Jesus drank alcohol. No, really. He did.
Some will say that the wine of that time was just
grape juice, but that's not precisely true. First, I'm pretty sure they
could tell the difference between fermented and non-fermented drink.
They did not have refrigeration like we do, so drink would ferment
fairly quickly if it was not drank right away. While its likely that
they didn't always let it ferment as long as we sometimes do for wine
now (e.g. a few years), there still would have often been at least a
little fermentation, and therefore a little alcoholic content. We also
know from the Bible that people did get drunk off of the wine, obviously
an indication of alcoholic content.
And he drank of the wine, and was drunken; and he was uncovered within his tent.
Do not drink wine nor strong drink, thou, nor thy sons with thee,
when ye go into the tabernacle of the congregation, lest ye die: it
shall be a statute for ever throughout your generations:
(Note this is not a prohibition against alcohol at all times, but specifically for going into the tabernacle.)
1 Samuel 1:14
And Eli said unto her, How long wilt thou be drunken? put away thy wine from thee.
Wine is a mocker, strong drink is raging: and whosoever is deceived thereby is not wise.
No man also having drunk old wine straightway desireth new: for he saith, The old is better.
(Older is more fermented and often better, as a connoisseur will tell you.)
There are also plenty of accounts of Jesus eating and drinking with sinners. In fact, his first miracle was to make good wine for a wedding!
But the Pharisees and the teachers of the law who belonged to their sect
complained to his disciples, “Why do you eat and drink with tax collectors and sinners?”
The Son of man is come eating and drinking; and ye say, Behold a gluttonous man, and a winebibber, a friend of publicans and sinners!
And saith unto him, Every man at the beginning doth set forth good wine; and when men have well drunk, then that which is worse: but thou hast kept the good wine until now. (After Jesus turned water to wine for his first miracle at a wedding feast.)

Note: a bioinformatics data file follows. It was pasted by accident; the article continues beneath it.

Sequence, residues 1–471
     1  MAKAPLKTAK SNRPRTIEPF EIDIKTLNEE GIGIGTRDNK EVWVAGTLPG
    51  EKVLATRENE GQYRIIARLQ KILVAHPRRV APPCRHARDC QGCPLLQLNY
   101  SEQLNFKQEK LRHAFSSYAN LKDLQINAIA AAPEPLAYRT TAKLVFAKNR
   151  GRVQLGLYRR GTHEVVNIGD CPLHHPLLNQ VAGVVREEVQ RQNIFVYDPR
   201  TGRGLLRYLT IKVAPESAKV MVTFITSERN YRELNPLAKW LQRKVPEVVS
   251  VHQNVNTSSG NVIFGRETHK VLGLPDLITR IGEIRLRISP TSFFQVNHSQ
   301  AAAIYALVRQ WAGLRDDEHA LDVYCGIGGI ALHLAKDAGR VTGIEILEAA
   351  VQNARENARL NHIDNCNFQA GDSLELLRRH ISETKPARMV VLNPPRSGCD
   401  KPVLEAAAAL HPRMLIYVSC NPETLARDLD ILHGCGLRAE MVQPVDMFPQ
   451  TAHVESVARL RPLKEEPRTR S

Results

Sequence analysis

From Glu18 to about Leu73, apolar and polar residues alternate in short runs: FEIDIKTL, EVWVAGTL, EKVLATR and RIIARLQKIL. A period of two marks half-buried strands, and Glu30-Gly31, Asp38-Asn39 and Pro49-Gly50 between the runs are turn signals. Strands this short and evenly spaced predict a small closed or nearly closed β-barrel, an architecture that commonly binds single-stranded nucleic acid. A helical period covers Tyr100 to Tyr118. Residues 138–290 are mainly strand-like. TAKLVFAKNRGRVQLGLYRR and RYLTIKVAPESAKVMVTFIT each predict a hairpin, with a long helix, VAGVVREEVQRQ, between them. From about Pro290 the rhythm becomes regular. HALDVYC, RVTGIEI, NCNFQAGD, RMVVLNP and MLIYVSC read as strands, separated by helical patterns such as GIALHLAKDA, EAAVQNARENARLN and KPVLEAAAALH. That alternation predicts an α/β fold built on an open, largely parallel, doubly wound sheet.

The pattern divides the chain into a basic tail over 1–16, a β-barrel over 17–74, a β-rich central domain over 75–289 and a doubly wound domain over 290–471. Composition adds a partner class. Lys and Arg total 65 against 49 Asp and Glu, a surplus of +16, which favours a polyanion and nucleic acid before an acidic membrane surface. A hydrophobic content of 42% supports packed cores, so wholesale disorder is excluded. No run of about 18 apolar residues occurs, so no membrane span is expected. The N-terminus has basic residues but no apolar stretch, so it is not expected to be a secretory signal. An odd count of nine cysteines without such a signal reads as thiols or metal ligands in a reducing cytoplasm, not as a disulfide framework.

Now, the Bible most certainly speaks against drunkenness, and its
easy to consider why when you hear of (and probably personally know)
people who cheat only when drunk, or who harm themselves or others when
drunk, who make stupid decision they wouldn't otherwise make, or who
become addicted to it. None of those things are what a person of God
should be doing with themselves.
But drinking not to get drunk? Well, yes, the Bible does allow for that,
most certainly...it just said not to have excess, or too much.
Do not get drunk on wine, which leads to debauchery.
1 Timothy 3:8
In the same way, deacons are to be worthy of respect, sincere, not indulging in much wine, and not pursuing dishonest gain.
Likewise, teach the older women to be reverent in the way they live, not to be slanderers or addicted to much wine, but to teach what is good.
However, as Christians we must be conscious of when we drink and with whom, as well as how much.
It is better not to eat meat or drink wine or to do anything else that will cause your brother or sister to fall.
this verse does not prohibit drinking wine anymore than it prohibits
eating meat or anything else--it just says not to do it if it will make
someone else fall. So if you're with someone who is an alcoholic,
current or recovered, It is probably not a good idea or good example to
drink in front of them or especially to offer them a drink. A person
like that should not be drinking because they do so sinfully. Does that
mean we have to lie to them about the fact that we might be okay
drinking occasionally? No, lying is a sin. But we should not tempt those
who shouldn't drink or put a stumbling block in front of those who are
uncomfortable with it, even if we explain to them why it is alright for
some to drink.
The Word of Wisdom's complete ban on alcohol was a product of
Joseph Smith's times, just like his ban on coffee and tea--and it was
not even presented as commandment, but as a guideline. Its still phrased
as a guideline, in fact, and interestingly it allows for wine for
sacrament (communion). As we can see from all of the above, the Mormon
idea that drinking is wrong for everyone all the time,
period, is not Biblical at all. Jesus is the best example of that.